Assyrian artwork from Iraq sells for $ 31 million, setting world record
The sculpture has tripled its presale estimate of $ 10 million, and the buyer remains anonymous.
The 3,000-year-old relief panel depicts a deity called apkallu or winged genie. Credit: IMAGES OF CHRISTIE LTD. 2018
The carved panel was excavated in the 19th century from the ruins of the Northwest Palace in Nimrud, present-day Iraq. For years it remained in a private library with its value unknown.
Christie’s auction of this solid gypsum plaque depicting a seven-foot-tall deity marked the first high-profile sale of Assyrian antiquity since then.
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An Englishman abroad
In 1845 a young British adventurer named Austen Henry Layard arrived in Nimrud and began excavations. Since the collapse of the Assyrian Empire towards the end of the 7th century BC, the site had remained relatively intact and it found a wealth of archaeological gems.
At the time, Iraq was part of the Ottoman Empire, and its Turkish rulers seem to have seen no problem with Layard depriving the region of much of its heritage.
The Grand Vizier of the Ottoman Sultan wrote a letter to Stratford Canning, then British Ambassador, who, in the words of his addressee, authorized Layard to “search and export as you please”.
A reconstruction of the palaces of King Ashurnasirpal in Nimrud. Credit: Historical Photo Archive / Corbis via Getty Images
Layard did just that.
He sent the majority of the antiquities to London, where they now form the nucleus of the Assyrian collection of the British Museum.
Layard’s incredible discoveries also caught the attention of American missionaries.
The Assyrian Empire is referenced in the Old Testament, but its ruins had not been located. The monuments confirmed its existence and, to the missionaries, “proved that the Bible was real and not a work of fiction,” said Max Bernheimer, Christie’s international director of antiques. “It fueled the religious fervor of the time,” he added.
Engraving depicting Austen Henry Layard at work, removing a statue of a large winged bull from an Assyrian site in Iraq. Credit: Universal History Archives / UIG via Getty Images
The panels were a steal – bought for $ 75 each, with most of that cost covering shipping.
Since their arrival, the panels have been on display in the seminary library and were viewed primarily as a scientific resource rather than works of art. A routine audit in 2017, however, revealed the value of the panels and skyrocketed insurance premiums to $ 70,000 per year.
This motivated the decision to sell one. The proceeds from the sale will support the conservation and study of the two remaining panels, and will benefit the seminar’s scholarship fund.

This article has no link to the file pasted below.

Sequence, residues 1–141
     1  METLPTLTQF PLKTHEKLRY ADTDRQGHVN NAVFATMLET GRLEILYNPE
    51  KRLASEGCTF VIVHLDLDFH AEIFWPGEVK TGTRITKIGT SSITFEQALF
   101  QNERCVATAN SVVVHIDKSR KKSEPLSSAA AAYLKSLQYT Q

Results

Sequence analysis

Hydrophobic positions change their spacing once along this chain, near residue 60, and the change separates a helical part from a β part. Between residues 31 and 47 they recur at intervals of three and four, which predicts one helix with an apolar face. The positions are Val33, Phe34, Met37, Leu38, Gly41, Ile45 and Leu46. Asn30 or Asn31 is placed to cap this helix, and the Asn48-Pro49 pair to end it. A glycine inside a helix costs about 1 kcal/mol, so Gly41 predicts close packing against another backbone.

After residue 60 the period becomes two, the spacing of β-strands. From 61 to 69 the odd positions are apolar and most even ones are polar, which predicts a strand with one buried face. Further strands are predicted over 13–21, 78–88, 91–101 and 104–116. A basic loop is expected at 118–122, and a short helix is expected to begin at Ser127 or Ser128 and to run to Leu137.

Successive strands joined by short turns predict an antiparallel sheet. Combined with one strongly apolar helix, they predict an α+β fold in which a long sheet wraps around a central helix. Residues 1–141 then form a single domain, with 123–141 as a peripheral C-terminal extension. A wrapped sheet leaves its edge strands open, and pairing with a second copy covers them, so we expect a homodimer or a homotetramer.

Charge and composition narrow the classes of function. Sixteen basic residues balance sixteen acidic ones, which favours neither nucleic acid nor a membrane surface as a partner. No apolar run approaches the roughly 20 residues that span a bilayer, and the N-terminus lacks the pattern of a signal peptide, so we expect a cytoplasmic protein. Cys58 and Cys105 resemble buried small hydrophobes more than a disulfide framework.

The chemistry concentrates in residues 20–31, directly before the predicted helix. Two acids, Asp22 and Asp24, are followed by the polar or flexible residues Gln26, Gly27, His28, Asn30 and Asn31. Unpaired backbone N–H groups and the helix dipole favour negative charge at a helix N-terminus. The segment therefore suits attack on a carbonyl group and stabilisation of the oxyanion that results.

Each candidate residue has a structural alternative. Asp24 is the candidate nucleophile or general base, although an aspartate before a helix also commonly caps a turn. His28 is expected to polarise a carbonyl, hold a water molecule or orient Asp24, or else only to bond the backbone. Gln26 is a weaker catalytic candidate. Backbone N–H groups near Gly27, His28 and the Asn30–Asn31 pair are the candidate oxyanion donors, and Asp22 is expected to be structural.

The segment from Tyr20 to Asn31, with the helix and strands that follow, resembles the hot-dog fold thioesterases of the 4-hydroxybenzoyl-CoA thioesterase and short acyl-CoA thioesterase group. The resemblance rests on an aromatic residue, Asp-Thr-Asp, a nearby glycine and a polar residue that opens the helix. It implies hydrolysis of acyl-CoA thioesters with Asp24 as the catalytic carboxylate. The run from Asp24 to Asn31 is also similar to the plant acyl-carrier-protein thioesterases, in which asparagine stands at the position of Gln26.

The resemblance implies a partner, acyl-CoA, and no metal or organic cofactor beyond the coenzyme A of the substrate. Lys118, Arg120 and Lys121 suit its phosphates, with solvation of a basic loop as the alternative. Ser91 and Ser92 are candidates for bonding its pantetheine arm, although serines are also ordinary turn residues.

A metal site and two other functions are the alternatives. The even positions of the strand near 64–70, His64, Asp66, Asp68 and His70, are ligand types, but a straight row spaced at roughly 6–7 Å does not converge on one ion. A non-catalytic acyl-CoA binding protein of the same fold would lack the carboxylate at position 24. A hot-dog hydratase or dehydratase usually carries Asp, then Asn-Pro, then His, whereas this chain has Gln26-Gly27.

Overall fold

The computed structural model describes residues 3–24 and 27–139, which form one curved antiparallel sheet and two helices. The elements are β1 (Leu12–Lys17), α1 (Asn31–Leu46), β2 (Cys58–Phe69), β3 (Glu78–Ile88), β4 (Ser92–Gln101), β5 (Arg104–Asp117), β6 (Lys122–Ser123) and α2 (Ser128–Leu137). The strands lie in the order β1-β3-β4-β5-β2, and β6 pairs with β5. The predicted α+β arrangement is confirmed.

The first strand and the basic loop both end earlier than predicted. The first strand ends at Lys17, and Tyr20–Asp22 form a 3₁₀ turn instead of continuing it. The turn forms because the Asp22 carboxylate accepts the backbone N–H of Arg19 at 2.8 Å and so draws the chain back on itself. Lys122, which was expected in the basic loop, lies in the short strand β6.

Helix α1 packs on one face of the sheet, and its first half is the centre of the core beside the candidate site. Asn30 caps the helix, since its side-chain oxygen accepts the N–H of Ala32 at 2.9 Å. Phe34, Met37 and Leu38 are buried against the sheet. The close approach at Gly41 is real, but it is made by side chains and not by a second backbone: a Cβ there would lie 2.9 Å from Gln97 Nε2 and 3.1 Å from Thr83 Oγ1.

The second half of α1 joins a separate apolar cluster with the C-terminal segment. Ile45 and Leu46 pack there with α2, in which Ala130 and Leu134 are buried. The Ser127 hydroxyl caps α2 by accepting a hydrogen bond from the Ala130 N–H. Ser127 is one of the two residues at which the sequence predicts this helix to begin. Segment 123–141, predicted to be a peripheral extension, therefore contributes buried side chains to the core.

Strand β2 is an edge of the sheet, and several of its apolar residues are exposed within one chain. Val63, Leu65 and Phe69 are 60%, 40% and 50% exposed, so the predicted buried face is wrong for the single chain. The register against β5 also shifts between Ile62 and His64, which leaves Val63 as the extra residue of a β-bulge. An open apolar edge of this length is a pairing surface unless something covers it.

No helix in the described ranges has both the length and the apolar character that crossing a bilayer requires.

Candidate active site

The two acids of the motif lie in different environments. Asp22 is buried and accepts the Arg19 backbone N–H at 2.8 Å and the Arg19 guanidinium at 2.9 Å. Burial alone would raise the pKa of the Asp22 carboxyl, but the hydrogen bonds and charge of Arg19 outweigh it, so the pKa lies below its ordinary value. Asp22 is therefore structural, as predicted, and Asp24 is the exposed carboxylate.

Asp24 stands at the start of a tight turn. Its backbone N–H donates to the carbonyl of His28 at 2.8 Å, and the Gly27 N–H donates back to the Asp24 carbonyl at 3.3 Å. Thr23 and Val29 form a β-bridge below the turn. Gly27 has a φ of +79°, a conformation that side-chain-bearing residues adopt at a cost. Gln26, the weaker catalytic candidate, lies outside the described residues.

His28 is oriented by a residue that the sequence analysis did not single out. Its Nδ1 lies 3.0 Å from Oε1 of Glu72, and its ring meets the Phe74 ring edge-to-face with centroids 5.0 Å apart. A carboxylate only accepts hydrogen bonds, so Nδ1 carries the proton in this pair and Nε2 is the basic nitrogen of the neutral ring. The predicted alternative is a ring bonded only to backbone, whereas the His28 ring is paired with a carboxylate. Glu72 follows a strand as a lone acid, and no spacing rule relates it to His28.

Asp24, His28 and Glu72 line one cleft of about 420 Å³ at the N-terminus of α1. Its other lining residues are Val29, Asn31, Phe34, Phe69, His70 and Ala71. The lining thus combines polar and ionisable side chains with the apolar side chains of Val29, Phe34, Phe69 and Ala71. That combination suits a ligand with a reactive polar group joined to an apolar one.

Ahead of the auction, the Iraqi Culture Ministry called for the sign to be returned to Iraq and activists had suggested a protest outside Christie’s during the auction.
A spokesperson for Christie’s said that while the auction house was “sensitive to requests for restitution from countries of origin,” law enforcement authorities had reassured it there was no no legal basis for a cultural property claim in this case.
A winged genius
“Ashurnasirpal was the great kahuna, so to speak, of his age,” Bernheimer said.
Damage to ancient monuments in Nimrud by ISIS fighters. Credit: SAFIN HAMED / AFP / AFP / Getty Images
The king expanded his territory by mounting a series of ruthless military campaigns and established a new capital in Nimrud – called Kalhu at the time. Ashurnasirpal equipped his new city with a citadel, defensive walls, four palaces, temples and townhouses, using the riches from his conquests and the labor of submissive slaves.
The interior walls of the Palais du Nord-Ouest were lined with more than 400 carved relief panels. Winged genius was the most common design, but some panels depicted the conquests of the Ashurnasirpal empire, religious events, royal hunting scenes, and courtly banquets.
Signs like the one up for auction were designed to “impress and overwhelm,” Bernheimer said. “Standing next to you, you feel the power,” he added.
Dominant and richly detailed, the sculpted figure is depicted in profile and the face of the muscular, bearded god resembles that of Ashurnasirpal.
The bearded winged genie bears a striking resemblance to King Ashurnasirpal II. Credit: IMAGES OF CHRISTIE LTD. 2018
A strip of text written in cuneiform – one of the earliest writing systems – crosses the center of the relief. It tells of Ashurnasirpal’s ancestry, his military triumphs, the extent of his empire and the construction of the Northwest Palace.
This inscription was “repeated on almost every panel that lined the palace walls,” Bernheimer said. It’s a flattering account:
This particular winged genius adorned a space archaeologists call the S room, which connected a central public courtyard to the king’s private chambers.
“It appears to have been an intimate area, rather than a courtroom,” Bernheimer said.
Along the walls, the winged genius repeated over and over.
“Everything that was going on in the S room,” said Bernheimer, “must have been seen as very important to demand so much protection from the gods.”